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Vaishnava Padavali

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Title: Vaishnava Padavali  
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Subject: Kashiram Das, Hindu music, Panjika, Gerasim Lebedev, Culture of Bengal
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Vaishnava Padavali

The Vaishnava Padavali Bengali: বৈষ্ণব পদাবলী) movement refers to a period in medieval Bengali literature from the 15th to 17th centuries, marked by an efflorescence of Vaishnava poetry often focusing on the Radha-Krishna legend. The term padavali (also written padaabali) has the literal meaning "gathering of songs" (pada=short verse, lyric; +vali = plural; collection).

The padavali poetry reflects an earthy view of divine love which had its roots in the Agam poetry of Tamil Sangam literature (600 BC–300 AD) and spread into early medieval Telugu (Nannaya, Annamayya) and Kannada literatures (Dasa sahitya). The poetic themes spread rapidly as part of the religious Bhakti movement that proposed an intensely personal form of devotion, following the philosophy of Ramanuja and opposing caste distinctions and other brahministic measures implicit in the theism of Adi Shankaracharya. The movement spread out and attained a pan-India status during the 13th–17th centuries.

The accompanying literary movements were marked by a shift from the classical language of Sanskrit, to the local languages (apabhramsha) or derivatives, e.g. the literary language of brajabuli adopted by Vidyapati (14th century).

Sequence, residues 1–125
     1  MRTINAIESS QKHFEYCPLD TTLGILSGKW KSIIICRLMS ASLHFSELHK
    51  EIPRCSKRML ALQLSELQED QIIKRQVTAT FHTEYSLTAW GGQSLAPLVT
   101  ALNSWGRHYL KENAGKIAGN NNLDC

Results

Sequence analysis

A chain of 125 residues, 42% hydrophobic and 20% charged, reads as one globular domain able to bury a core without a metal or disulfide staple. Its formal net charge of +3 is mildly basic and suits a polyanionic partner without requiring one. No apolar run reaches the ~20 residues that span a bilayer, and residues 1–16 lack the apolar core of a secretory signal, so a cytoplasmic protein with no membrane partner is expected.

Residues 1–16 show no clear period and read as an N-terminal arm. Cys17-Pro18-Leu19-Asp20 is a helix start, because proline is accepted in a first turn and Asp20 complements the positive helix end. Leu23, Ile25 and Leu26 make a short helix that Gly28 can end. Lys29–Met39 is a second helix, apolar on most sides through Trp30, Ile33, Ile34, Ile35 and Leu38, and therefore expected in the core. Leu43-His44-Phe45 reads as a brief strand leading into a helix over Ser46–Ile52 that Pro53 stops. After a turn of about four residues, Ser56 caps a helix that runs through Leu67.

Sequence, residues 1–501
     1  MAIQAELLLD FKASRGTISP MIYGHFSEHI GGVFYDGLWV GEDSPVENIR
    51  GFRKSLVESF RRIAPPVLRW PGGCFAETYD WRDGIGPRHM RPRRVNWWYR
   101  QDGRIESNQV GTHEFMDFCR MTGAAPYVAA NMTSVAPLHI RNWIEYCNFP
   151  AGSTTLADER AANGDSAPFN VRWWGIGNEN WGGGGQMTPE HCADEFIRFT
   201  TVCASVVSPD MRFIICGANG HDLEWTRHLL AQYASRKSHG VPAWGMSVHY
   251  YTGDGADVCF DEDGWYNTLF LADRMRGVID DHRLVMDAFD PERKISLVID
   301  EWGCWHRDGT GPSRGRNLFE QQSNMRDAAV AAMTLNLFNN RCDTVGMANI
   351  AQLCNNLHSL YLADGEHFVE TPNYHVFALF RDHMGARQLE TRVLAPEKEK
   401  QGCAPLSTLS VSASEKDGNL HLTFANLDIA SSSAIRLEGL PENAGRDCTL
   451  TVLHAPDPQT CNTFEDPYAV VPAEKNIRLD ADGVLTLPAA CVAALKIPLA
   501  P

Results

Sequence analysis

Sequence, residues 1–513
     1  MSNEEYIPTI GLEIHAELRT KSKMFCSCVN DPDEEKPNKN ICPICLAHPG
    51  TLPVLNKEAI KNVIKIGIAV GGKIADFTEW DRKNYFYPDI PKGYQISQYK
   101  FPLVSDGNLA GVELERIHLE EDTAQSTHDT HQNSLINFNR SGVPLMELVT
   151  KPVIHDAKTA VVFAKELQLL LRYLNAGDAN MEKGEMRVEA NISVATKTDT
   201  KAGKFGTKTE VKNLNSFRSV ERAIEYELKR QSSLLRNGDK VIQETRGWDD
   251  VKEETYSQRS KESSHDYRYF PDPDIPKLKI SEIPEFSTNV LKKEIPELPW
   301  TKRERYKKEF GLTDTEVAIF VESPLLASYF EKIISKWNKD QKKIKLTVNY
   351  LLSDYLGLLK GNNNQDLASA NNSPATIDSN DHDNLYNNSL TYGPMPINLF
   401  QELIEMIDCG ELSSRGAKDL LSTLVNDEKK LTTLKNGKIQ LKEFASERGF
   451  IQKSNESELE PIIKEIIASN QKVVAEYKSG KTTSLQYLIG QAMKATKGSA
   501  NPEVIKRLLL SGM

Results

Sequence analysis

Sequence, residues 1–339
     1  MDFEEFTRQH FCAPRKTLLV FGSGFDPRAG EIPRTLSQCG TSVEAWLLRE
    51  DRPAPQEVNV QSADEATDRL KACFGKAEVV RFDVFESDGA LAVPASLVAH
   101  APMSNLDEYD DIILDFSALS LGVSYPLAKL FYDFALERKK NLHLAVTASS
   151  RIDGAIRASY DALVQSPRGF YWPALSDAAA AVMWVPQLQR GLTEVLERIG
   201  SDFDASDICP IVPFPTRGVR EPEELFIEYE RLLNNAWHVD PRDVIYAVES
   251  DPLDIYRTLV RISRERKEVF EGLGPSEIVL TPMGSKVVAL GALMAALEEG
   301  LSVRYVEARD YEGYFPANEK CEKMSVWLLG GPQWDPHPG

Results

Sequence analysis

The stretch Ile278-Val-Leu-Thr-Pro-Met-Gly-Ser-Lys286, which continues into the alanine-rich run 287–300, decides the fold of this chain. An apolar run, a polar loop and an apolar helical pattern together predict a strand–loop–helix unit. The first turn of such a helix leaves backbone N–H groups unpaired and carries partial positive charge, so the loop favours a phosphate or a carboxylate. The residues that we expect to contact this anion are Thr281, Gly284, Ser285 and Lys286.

The tradition of songs on the Radha-Krishna legend were already popular with the works of Jayadeva in Orissa (13th century), Vidyapati in Mithila (14th century) and Chandidas (late 14th century) in Birbhum. Chandidas was among the earliest poets in the nascent Bengali language, and many of his poems deal with the Radha-Krishna theme.

In 1474, Maladhar Basu translated the 10th and 11th cantos of the Sanskrit Srimad Bhagavatam (composed c. 9th century), into the Bengali poem Srikr^ShNavijay. Maladhar focused on Krishna's divine life, with the 10th canto relating the legends of Krishna as a child, and his lIlA with the gopis in Vrindavana. He was honoured by Rukunuddin Barbak Shah with the title Gunaraj Khan.

Although neither Chandidas nor Maladhar Basu were Vaishnavas,[1] they were to lay the foundation for much of the following Vaishnava poetry in Bengal.

Vaishnavism in Bengal

Vaishnavism in Bengal was given a tremendous boost by Sri Chaitanya (1486–1533), whose intense spiritualism infected many and started a movement across many regions of India. Chaitanya emphasized the role of merely uttering God's name in obtaining emancipation, and songs, sung passionately and leading to a trance-like state, were central to the path of bhakti. Chaitanya himself wrote many songs on the Radha-Krishna theme, and certainly encouraged the composition of new songs.